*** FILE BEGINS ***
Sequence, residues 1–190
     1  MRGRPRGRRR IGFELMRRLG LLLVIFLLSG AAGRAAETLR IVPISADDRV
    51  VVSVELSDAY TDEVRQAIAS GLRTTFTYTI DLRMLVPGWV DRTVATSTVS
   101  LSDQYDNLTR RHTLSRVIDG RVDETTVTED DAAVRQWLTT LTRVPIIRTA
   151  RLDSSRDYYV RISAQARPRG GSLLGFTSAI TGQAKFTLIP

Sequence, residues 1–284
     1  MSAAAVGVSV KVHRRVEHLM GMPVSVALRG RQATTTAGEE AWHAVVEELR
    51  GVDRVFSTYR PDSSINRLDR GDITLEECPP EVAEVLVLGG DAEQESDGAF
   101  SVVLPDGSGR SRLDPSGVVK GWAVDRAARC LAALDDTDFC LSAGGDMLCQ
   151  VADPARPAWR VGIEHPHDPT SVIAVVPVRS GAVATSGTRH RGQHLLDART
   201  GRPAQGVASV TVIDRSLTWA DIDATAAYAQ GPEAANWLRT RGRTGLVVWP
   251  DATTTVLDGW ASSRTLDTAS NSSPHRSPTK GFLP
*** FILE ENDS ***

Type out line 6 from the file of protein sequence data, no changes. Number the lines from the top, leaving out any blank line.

Sequence, residues 1–284